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The Malay heart wishes to embrace the mountain, but the arms are too short’
Portrait of a Sri Lankan Malay by B.D.K. Saldin Reviewed by Carl Muller

It was Shakespeare who asked: "Tell me where is fancy bred, in the heart or in the head?" This is the question that B.D.K. Saldin also seems to pose in his book, 'Portrait of a Sri Lankan Malay'. I have to be pleased with the title. 'Sri Lankan' is what I have long pitched for in relation to my own community. Sri Lankan Burghers – that is what we are – just as the Sri Lankan Malay doesn't insist that he is a Sarawak Malay, or a Sabah Malay or a Johore Malay.

Mr. Saldin's preface also deals with this seeming confusion between Malays and Moors, and he tells us that “the only similarity between a Malay and a Moor is their religion, which is Islam”. As I dipped into the book I was at first struck by the manner in which the older generations of Malays in this island (and that could include the author too) had to relate to politics, economics and to the Malay mind. An on-going process of change for better or worse has baffled the mind – any mind – born into and brought up in steeped traditions and a restrictive environment. We see how well the author tries to understand and re-adjust to these new boundaries and, possibly, opportunities.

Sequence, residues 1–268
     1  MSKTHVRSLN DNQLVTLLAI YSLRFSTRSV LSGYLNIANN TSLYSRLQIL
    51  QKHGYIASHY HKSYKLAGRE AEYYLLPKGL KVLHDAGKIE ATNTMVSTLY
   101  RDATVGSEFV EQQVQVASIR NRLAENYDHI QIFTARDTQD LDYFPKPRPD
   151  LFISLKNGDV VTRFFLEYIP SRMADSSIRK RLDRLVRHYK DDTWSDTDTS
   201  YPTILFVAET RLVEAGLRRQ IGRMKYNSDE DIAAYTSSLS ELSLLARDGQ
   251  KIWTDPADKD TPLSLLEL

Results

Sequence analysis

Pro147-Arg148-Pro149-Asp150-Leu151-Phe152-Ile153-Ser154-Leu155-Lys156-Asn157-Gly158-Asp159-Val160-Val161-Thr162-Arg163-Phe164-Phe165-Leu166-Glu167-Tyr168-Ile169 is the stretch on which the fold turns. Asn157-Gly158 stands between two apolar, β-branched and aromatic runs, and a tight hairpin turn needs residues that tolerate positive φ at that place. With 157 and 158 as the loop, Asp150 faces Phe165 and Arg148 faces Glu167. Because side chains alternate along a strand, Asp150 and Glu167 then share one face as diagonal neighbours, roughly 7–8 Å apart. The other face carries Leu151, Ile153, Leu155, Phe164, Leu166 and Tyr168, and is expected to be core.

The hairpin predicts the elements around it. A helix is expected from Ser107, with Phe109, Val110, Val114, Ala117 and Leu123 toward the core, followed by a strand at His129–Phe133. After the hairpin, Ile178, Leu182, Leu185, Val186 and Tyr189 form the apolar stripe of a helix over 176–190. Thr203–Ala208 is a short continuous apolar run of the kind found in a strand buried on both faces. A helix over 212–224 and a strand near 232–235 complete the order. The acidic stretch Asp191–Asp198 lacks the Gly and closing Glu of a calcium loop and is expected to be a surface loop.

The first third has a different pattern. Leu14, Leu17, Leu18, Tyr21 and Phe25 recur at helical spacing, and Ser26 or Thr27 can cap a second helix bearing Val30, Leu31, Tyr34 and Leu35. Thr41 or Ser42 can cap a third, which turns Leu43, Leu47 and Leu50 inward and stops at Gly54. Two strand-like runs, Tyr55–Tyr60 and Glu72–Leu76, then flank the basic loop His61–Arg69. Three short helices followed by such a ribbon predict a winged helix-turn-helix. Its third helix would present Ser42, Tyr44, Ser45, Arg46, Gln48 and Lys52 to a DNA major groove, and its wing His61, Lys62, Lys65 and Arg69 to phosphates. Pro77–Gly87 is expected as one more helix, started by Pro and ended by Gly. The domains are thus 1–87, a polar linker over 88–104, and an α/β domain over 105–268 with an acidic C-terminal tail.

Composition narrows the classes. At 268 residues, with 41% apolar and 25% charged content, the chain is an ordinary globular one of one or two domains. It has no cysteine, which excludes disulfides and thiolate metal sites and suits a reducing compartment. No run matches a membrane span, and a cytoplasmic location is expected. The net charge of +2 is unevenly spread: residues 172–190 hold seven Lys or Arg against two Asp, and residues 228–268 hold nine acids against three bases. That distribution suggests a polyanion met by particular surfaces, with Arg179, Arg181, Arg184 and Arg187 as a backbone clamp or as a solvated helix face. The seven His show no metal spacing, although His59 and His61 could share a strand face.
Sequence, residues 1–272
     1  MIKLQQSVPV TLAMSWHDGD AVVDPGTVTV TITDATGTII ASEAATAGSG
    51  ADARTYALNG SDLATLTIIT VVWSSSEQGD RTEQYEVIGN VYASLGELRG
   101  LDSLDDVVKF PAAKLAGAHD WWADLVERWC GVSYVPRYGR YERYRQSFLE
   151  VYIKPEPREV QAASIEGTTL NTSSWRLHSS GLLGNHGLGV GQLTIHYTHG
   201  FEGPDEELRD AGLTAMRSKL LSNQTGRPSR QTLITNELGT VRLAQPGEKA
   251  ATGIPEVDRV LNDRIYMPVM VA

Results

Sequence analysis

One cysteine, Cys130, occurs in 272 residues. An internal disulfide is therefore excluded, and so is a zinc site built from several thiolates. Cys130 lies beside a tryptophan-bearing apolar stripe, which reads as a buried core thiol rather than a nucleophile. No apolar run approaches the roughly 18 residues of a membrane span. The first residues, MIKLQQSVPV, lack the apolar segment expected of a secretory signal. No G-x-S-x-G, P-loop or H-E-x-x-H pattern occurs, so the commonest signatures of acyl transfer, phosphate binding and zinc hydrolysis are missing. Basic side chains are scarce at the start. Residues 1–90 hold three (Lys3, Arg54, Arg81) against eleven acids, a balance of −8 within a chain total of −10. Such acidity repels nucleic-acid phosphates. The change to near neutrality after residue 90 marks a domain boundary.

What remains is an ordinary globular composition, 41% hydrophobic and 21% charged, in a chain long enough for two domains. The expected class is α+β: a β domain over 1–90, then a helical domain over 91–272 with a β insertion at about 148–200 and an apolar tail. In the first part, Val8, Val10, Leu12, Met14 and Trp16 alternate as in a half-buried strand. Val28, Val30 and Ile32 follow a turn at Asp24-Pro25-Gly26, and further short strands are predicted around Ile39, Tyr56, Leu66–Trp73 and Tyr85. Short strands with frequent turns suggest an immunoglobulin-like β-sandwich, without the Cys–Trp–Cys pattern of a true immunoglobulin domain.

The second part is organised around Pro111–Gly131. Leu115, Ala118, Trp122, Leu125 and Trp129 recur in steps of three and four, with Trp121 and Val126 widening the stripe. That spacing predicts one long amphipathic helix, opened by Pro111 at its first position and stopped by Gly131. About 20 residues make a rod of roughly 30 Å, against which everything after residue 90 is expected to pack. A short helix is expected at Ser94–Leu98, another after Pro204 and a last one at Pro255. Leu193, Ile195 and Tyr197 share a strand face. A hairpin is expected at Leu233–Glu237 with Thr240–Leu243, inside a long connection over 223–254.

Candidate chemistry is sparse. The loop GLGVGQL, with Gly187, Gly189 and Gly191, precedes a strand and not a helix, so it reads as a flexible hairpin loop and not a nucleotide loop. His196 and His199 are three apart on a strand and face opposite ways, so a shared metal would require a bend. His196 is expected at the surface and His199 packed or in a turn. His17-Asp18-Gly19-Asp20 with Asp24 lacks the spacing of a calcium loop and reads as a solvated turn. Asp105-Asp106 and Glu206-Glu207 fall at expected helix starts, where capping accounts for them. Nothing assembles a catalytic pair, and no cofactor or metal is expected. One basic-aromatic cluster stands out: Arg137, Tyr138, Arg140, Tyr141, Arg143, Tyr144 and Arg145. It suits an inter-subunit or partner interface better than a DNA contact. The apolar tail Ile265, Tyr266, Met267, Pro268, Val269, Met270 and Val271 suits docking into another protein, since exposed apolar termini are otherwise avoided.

How can I put it? It is the shift from kampung to condominium that can destabilize the traditional sense of both space and time. It is relevant at this point to also try, in my own way, to answer the question: "Who are the Malays?”

Actually, this can be a most complex question that has received some most curious answers – for in different contexts, the term "Malay" has multiple meanings. The average Sri Lankan will say that the Malays captured Saradiel and just imagine, Prince Moggallana brought in a strong force from Malaya for his showdown with Kassapa (so Paranavitane tells us). But taking a wide social and cultural definition, "Malay" refers to an extremely large ethnic stock over a wide area of the Earth's surface – from the Malay Archipelago and moving westward to South Africa.